Getting to grips with structured surface textures

By Protolabs

In the ever-evolving world of product design and engineering, the quest for unique textures and finishes has never been more pronounced. Traditional manufacturing methods often impose limitations on achieving intricate patterns and complex designs. However, advanced 3D printing technologies like Selective Laser Sintering (SLS) and Multi Jet Fusion (MJF) have opened up possibilities for design engineers, introducing new surface texturing options for 3D printed parts.

Beyond scratching the surface

Firstly, why are surface textures so important to design engineers? Control over surface finish is paramount to design engineers, offering many opportunities that significantly impact a product's functionality, aesthetics, and overall success.

Enhanced Aesthetics and Branding:
First Impressions Matter! Surface finish is one of the first things users notice about a product. By controlling surface finish structures, design engineers can create visually appealing and aesthetically pleasing products that align with the brand image.

Improved Ergonomics and Functionality:
The surface finish plays a critical role in ergonomics for products with handles or grips. Design engineers can optimise the surface texture to provide a comfortable and secure grip, enhancing the overall usability and functionality of the product.

Customisation for Diverse Applications:
With the growing trend of mass customisation, adaptability across industries is critical, as different industries and applications have unique requirements. Controlling surface finish structures allows design engineers to customise products for specific needs, ensuring compatibility and effectiveness across diverse applications, enabling design engineers to cater to niche markets and opening up new business opportunities.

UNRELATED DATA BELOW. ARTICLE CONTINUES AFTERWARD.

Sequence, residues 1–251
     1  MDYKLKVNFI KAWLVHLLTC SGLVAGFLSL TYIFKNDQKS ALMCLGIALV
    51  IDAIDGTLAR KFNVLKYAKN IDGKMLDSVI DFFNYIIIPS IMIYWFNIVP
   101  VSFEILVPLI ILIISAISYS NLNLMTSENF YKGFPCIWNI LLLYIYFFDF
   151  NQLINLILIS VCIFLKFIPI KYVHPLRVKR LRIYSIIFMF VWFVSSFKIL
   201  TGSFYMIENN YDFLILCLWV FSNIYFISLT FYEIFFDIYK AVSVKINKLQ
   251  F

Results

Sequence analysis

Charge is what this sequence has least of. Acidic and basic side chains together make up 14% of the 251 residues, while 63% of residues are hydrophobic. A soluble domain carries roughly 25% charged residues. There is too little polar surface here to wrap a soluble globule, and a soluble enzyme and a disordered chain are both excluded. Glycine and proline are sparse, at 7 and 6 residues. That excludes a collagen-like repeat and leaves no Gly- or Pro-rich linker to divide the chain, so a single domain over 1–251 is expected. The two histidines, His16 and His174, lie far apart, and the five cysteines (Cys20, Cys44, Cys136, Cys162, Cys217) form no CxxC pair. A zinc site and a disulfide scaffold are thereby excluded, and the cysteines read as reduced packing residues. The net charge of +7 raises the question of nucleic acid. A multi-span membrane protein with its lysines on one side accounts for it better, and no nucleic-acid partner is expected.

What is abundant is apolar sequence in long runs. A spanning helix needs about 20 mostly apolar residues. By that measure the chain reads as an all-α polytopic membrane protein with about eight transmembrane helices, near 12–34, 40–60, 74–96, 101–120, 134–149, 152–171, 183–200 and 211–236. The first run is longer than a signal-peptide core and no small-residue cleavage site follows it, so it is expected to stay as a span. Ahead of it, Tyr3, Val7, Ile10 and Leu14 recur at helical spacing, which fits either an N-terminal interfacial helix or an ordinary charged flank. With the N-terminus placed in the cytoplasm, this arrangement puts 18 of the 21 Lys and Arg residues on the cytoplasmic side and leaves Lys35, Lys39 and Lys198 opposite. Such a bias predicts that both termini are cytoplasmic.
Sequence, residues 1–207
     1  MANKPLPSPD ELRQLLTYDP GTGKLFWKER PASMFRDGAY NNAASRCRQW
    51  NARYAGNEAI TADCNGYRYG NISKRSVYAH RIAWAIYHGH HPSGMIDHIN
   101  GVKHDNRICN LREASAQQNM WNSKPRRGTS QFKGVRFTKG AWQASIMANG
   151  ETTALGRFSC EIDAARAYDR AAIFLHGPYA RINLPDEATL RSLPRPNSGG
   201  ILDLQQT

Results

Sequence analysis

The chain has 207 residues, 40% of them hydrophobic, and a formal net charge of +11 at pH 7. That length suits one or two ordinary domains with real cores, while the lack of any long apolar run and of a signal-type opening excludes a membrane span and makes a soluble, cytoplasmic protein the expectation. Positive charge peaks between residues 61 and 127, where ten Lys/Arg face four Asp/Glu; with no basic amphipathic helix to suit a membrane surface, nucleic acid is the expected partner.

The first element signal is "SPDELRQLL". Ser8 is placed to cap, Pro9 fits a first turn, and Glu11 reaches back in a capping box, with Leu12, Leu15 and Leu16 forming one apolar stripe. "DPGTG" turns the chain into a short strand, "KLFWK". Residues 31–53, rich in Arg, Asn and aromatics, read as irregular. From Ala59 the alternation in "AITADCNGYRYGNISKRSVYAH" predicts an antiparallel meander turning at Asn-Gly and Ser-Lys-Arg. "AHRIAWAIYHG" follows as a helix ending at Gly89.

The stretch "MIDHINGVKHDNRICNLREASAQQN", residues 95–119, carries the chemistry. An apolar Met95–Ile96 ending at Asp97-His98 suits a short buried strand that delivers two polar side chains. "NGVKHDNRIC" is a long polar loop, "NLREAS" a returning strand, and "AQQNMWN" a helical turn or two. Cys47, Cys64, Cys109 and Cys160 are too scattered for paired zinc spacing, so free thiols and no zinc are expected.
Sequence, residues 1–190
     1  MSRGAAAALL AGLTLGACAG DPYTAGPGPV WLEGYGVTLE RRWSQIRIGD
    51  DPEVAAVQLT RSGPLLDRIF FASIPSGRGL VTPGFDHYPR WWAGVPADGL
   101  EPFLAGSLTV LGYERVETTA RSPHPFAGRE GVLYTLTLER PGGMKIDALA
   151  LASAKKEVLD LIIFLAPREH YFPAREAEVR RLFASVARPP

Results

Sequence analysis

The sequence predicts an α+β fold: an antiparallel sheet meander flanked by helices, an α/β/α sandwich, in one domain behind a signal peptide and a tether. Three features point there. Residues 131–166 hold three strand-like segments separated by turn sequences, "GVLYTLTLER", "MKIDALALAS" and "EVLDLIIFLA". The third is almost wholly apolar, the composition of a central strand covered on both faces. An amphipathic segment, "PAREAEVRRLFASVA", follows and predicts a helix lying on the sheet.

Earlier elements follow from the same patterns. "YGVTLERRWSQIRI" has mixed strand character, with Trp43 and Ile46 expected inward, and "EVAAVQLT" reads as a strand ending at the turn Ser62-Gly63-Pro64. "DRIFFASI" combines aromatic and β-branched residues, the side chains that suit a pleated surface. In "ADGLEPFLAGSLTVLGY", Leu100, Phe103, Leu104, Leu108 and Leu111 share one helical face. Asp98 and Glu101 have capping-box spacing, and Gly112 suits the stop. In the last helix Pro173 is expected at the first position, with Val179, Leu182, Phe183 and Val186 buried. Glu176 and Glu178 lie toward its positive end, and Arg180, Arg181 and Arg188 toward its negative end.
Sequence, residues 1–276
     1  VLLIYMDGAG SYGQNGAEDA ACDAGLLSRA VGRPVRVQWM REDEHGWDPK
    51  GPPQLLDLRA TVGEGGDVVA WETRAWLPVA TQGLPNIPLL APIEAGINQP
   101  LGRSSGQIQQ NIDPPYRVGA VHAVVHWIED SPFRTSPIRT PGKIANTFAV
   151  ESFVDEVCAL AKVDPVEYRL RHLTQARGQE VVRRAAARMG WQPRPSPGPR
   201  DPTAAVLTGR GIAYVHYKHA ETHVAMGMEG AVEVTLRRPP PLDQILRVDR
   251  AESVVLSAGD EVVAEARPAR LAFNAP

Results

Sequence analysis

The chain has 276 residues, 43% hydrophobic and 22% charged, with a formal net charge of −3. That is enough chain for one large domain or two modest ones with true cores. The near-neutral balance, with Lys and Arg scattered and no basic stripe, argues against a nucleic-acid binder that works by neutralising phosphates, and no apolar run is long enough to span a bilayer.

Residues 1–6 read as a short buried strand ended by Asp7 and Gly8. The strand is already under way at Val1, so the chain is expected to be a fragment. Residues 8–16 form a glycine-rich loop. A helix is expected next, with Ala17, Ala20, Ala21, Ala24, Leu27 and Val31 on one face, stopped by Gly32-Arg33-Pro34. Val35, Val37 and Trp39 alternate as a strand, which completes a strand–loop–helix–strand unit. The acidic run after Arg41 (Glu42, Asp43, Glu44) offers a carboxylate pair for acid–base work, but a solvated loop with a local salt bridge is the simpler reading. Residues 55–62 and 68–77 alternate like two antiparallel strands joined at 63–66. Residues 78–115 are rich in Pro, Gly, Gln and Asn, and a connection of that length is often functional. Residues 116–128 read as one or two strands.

Optimised Manufacturing Processes:
A key consideration for any engineer is production efficiency. Understanding and controlling surface finish structures enables design engineers to optimise manufacturing processes. This enhances efficiency and ensures that the final product meets the desired quality standards.

Freedom for Creative Expression:
When creating innovative designs, surface finishes are often the open door to creative freedom. Design engineers can experiment with textures, patterns, and finishes to bring innovative designs to life, pushing the boundaries of what's possible in product aesthetics.

Technological Advancements in Materials:
As material science evolves, so do the possibilities for surface finishes. Design engineers can leverage advancements in materials to achieve cutting-edge surface textures and structures, staying at the forefront of innovation.

3D printed part with leather look surface finish

How 3D printing provides control

3D printing is an additive process, meaning parts are produced layer by layer, providing ultimate control over the entire part. One of the standout features of 3D printing is the ability to create seamless and repeatable patterns that can be applied exclusively to the surface layer in the CAD file. This opens up opportunities for designers seeking to integrate intricate textures seamlessly into their products.

At Protolabs, when producing parts via SLS or MJF, our experts translate images of a pattern into black-and-white contrast images, which specify the dimensions for the production process to achieve the desired surface structure. By applying the provided geometry to the desired surface, the contrasting black and white elements are strategically used to create varying depths, resulting in a visually stunning and tactile pattern.

The process involves transforming the specified pattern into an STL file, which then seamlessly transitions into the production phase. This streamlined approach ensures the final product boasts a flawless, uninterrupted pattern, eliminating any visible joins or seams. This is particularly advantageous for designers who prioritise aesthetics and seek a professional, polished finish for their end-use parts. There are virtually no limits to the imagination of designers here. A key advantage is that no further post-processing steps are required to achieve the desired surface feel and appearance. This creates the unique opportunity to structure new kinds of surfaces as well as to replicate structures that already exist, like leather.